The US-based Human Rights Watch (HRW) was so concerned by the now routine hangings taking place in India — Ajmal Kasab last November and now Afzal Guru — that it urged the Indian government to “end this distressing use of executions as a way to satisfy some public opinion.” HRW South-Asia Director Meenakshi Ganguly said in a statement that Guru’s hanging “makes it more urgent for India to reinstate its previous informal moratorium on executions as a step towards abolishing the death penalty.” The HRW’s statement about “satisfying some public opinion” was a reference to part of the Indian Supreme Court’s judgment where it said: “the collective conscience of society will only be satisfied if capital punishment is awarded to the offender.” Even the Indian Supreme Court it seems has succumbed to mob hysteria. Pity the Kashmiris that have to face daily humiliations at the hands of Indian occupation forces and are killed routinely. Now they have to face mob verdict from the highest court in India!
Not surprisingly, Kashmiris on both sides of the Line of Control expressed outrage when news of the secret hanging of Muhammad Afzal Guru broke out. Kashmiri as well as Pakistani leaders condemned the execution as judicial murder. Aware that the hanging would evoke strong reaction in Indian Occupied Kashmir, the Indian occupation forces clamped down curfew on the entire Kashmir Valley with much stricter enforcement in the capital city Srinagar as well as Sopore, the hometown of Guru. The homes of all Kashmiri leaders were also surrounded by troops to prevent them from venturing out to mobilize the people to protest this latest Indian crime. Even so, news of the hanging spread like wildfire.
While Chairman of the All Parties Hurriyet Conference (APHC), Mirwaiz Omar Farooq and another veteran APHC leader Syed Ali Shah Gilani were put under house arrest in Delhi, they both strongly condemned Guru’s hanging and described it as an attack on the collective conscience of the Kashmiris. The APHC in a separate statement issued in Srinagar urged the people of Kashmir to observe four days of mourning and demanded the shifting of Guru’s body to Kashmir for proper burial in accordance with Islamic teachings, the Kashmir Media Service reported. The statement went on to say that the execution of Guru was linked to the coming general elections in India, adding that the shedding of Kashmiri blood for victory in the polls was not acceptable. In the protests that ensued, two people were shot dead and scores injured by Indian troops on the first day.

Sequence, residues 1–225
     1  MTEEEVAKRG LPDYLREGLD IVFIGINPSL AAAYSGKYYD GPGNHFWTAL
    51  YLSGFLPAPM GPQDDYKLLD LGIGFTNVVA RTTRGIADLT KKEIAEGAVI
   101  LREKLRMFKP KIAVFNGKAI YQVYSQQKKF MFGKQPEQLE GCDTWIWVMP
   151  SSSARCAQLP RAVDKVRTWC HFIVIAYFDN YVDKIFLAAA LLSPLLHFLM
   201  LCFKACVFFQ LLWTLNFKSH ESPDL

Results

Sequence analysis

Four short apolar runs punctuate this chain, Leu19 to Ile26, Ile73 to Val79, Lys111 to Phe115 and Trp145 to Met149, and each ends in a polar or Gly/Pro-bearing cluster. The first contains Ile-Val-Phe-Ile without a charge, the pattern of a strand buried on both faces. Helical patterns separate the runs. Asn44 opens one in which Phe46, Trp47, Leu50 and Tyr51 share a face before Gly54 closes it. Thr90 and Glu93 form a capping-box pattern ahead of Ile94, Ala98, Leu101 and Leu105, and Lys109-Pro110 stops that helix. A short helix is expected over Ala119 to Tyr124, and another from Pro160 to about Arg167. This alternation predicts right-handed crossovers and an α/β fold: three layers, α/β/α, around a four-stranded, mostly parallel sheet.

On the Pakistani side of the Line of Control, the Azad Jammu and Kashmir (AJK) government announced a three-day mourning period over the government-sponsored murder of Guru. AJK government spokesman Shaukat Javed Mir said that the Kashmiris would observe three days of mourning and the AJK flag would fly at half mast and all government departments would remain closed.
What was Guru’s crime? He was accused of involvement in the December 13, 2001 attack on the Indian parliament in which nine persons were killed. Five attackers (Guru was not among them) had stormed the parliament building in Delhi when the parliamentary session had already ended but some parliamentarians were still in the building including then Home Minister L K Advani. A Hindu facist, Advani had mobilized Hindu mobs to attack the Babri Masjid in December 1992. All five attackers were killed. Most informed observers believe that the attackers were dupes used by the fascist Bharatiya Janata Party (BJP) that was in power at the time. The timing of the attack — December 13, 2001 — three months after the events of September 11 — also raised suspicion about the perpetrators and those who were behind them. In the immediate aftermath of 9/11, the BJP government had tried desperately to attract American attention in hopes of getting Washington to bypass Pakistan for its campaign in Afghanistan. Despite their legendary stupidity, even the Americans understood that without Pakistan’s help, they would not succeed in Afghanistan. Perhaps it was to ensnare Pakistan in terrorism and turn the US against it that the BJP used their RSS allies to launch the attack. Why none of the assailants was captured alive when it was possible to do so also raises questions about Indian motives.